To get people to buy my books, I'm never going to falsely claim that they are "bestsellers" or must-read classics. I prefer to let you judge for yourselves. Trust your own gut-instincts to sort through all the books available out there.

Keep on reading!


Thursday, October 20, 2011


There are still a few parts of The Tartarus Trilogy that, even after all the years of working on them, I can't read without getting all teary-eyed. Those scenes touch something deep within me, triggering an emotional response. I relate it to listening to a familiar piece of music that touches you so deeply you can't help but cry---every bloody time you hear it! For me, some of these musical pieces include Ave Maria, Danny Boy, Amazing Grace, Abide with Me, and May It Be ( from LOTR. )

I get that same instinctive emotional reaction to certain pieces of film as well: Boromir's death scene in The Fellowship of the Ring, the final scene with D'lenn and Sheridan's spirit in B5's "Sleeping in Light", Chris Eccleston's regeneration scene in Doctor Who, The Passion of the Christ, among many others.

No matter how many times I've viewed or listened to these tear-jerkers---no matter how determined I am NOT to cry this time!---get out the hankies! I just can't seem not to react. It's a purely emotional response, obviously not something I can control. Then I wonder why in the world I'd want to?

Our emotions are unique to each of us; they are part of who we are. What touches a deep chord in me may, in fact, leave you cold, and vice versa. Or we might just find that we share a similar emotional response---a wordless bond that needs no explanation.

Unfortunately, I've read a great many books, watched many TV shows and films that left me cold, with no emotional response whatsoever. I can't help thinking this doesn't bode well for the current state of those arts!

Hanky anyone?


Tuesday, October 18, 2011

Kalom of Eris

One of my favorite non-major characters in the Tartarus Trilogy is Kalom of Eris. This young man is good-looking, friendly, informal ( which irritates Capt. Richard Hughes no end! ) and easy-going. Although Kalom was born on the planet Eris, one of the Thrasian race, he was raised on Terra. His father Koltok was the Thrasian Empire's Ambassador to Earth.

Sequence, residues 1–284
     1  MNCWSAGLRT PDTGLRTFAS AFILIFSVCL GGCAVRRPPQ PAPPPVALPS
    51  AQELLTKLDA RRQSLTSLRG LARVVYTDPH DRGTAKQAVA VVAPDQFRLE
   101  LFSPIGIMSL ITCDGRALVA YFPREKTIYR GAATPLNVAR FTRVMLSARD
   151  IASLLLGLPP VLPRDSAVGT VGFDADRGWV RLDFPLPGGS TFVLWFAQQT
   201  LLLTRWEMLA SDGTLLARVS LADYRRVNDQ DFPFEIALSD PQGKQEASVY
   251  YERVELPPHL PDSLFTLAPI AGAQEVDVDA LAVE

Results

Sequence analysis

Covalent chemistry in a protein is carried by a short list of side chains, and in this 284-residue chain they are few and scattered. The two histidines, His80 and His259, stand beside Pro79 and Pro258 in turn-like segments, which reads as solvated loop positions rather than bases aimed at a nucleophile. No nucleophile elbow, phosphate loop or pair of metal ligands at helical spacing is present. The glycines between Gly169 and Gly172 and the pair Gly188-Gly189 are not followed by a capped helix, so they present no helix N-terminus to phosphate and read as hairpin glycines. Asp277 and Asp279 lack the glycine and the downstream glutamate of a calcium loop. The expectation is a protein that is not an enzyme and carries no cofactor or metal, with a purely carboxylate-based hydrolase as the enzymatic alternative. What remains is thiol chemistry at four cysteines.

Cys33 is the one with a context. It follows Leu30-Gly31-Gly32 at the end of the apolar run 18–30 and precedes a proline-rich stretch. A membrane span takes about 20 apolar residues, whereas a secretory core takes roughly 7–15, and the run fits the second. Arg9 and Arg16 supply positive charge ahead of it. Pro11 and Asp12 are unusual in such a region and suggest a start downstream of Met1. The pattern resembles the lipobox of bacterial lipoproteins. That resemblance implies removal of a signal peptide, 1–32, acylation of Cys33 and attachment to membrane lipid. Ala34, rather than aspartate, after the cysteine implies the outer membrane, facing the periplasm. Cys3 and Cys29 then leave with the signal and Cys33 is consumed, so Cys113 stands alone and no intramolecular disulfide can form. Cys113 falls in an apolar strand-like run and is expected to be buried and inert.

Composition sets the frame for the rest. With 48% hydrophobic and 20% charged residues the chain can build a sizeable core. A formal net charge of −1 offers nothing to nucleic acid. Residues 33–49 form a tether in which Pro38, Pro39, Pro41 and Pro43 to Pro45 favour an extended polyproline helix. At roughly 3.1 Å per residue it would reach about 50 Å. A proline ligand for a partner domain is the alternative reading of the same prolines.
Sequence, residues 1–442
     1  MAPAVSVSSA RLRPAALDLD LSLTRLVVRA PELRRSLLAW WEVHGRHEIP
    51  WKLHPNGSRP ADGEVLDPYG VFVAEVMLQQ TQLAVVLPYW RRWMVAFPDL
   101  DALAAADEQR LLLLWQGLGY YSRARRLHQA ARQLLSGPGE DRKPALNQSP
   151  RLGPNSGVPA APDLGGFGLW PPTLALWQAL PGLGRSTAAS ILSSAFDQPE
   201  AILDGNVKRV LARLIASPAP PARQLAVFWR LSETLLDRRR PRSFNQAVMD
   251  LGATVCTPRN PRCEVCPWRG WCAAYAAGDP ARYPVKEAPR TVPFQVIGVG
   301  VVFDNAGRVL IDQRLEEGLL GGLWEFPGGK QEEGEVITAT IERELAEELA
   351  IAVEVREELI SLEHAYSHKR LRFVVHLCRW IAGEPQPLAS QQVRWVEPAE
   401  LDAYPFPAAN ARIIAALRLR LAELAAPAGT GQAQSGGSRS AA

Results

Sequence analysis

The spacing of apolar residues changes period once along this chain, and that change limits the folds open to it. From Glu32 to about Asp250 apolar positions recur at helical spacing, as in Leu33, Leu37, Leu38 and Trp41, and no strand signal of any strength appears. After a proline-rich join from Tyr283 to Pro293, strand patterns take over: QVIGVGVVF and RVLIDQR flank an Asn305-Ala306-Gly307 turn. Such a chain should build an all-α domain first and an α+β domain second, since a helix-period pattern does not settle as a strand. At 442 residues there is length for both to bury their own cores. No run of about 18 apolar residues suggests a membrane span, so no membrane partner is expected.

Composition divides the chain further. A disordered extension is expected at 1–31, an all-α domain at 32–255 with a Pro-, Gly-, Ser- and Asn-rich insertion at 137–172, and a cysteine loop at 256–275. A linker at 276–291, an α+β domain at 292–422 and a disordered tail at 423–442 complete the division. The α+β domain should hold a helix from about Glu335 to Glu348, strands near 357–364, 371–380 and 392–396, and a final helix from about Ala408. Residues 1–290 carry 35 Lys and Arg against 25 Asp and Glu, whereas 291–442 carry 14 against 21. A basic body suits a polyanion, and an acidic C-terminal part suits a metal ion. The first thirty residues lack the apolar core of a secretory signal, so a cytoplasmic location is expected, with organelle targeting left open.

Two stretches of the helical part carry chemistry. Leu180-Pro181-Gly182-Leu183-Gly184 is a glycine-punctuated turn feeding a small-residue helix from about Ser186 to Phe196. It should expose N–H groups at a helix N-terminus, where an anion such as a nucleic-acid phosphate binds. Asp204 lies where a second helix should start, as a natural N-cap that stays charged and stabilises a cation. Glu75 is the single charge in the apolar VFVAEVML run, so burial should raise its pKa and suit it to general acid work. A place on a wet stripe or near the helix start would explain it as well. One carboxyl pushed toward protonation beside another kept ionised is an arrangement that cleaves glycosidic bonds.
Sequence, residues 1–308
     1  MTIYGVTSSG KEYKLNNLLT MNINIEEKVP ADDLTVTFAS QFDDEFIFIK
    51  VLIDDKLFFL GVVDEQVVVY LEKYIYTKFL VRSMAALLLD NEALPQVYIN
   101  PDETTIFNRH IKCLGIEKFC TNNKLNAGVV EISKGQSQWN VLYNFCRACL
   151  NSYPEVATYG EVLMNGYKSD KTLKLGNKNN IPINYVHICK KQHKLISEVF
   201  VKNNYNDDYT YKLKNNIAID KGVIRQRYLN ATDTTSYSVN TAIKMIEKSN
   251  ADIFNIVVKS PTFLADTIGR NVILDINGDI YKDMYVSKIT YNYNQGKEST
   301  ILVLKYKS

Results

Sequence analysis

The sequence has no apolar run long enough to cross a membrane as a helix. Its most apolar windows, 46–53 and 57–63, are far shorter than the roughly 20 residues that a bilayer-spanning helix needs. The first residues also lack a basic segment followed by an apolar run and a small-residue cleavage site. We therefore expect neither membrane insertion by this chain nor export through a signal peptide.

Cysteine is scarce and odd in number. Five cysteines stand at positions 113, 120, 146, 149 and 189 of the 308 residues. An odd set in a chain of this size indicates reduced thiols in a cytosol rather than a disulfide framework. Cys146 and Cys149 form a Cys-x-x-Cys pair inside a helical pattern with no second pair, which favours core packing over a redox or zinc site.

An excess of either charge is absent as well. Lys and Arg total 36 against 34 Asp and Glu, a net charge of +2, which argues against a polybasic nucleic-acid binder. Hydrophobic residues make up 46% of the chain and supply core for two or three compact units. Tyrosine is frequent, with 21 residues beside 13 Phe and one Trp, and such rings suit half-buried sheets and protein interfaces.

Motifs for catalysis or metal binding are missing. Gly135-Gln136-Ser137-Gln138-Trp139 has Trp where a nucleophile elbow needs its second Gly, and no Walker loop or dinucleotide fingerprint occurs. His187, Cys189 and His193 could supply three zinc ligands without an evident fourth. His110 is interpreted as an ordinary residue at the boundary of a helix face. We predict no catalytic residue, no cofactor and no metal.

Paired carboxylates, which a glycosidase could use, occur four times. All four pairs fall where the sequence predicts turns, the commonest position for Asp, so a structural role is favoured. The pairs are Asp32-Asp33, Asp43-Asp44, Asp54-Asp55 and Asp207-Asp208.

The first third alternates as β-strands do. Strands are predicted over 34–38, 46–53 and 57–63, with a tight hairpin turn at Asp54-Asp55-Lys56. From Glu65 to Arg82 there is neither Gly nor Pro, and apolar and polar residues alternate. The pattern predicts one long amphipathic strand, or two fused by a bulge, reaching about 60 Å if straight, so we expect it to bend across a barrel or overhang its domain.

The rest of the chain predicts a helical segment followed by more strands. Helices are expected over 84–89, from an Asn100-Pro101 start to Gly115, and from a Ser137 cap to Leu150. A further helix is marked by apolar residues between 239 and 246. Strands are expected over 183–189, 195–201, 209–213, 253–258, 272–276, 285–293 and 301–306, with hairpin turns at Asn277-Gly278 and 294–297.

When his parents returned to Eris, Kalom rebelled and stayed behind. They, as well as most of his own people, now accuse him of being more Terran than Thrasian. Seeking adventure, the youth entered the Interstellar Space Service Academy in Houston, Texas, where he specialized in both Astrogation and Command.

At the start of the Trilogy, Kalom has served aboard the Interstellar Spacecraft Astrella II for eight years and has risen to the rank of Lt. Cmdr. As a result, he's now third-in-command of Astrella. Kalom is one of the few people aboard who don't actively despise Cmdr. Malkis of Tartarus, the ship's hard-nosed ExO. The easy-going Erisian just doesn't let much get to him, including the strict, acerbic Tartarian. He tells Rona Scott that Malkis is "okay as long as you obey regulations and stay on your toes!"

Kalom happens to be one darn good-looking guy: cafe-au-lait-colored skin, wavy red-gold hair, and perfectly-even features. His eyes mirror his moods, changing color from amber flecked with gold when he's happy to darker shades of brown, blue, or even violet when occasionally he's not so happy. As Tiko of Cytherea warns Rona, "Watch out for him, too!" Kalom is a real ladies' man; he enjoys a drink and a good time---but only when it's appropriate.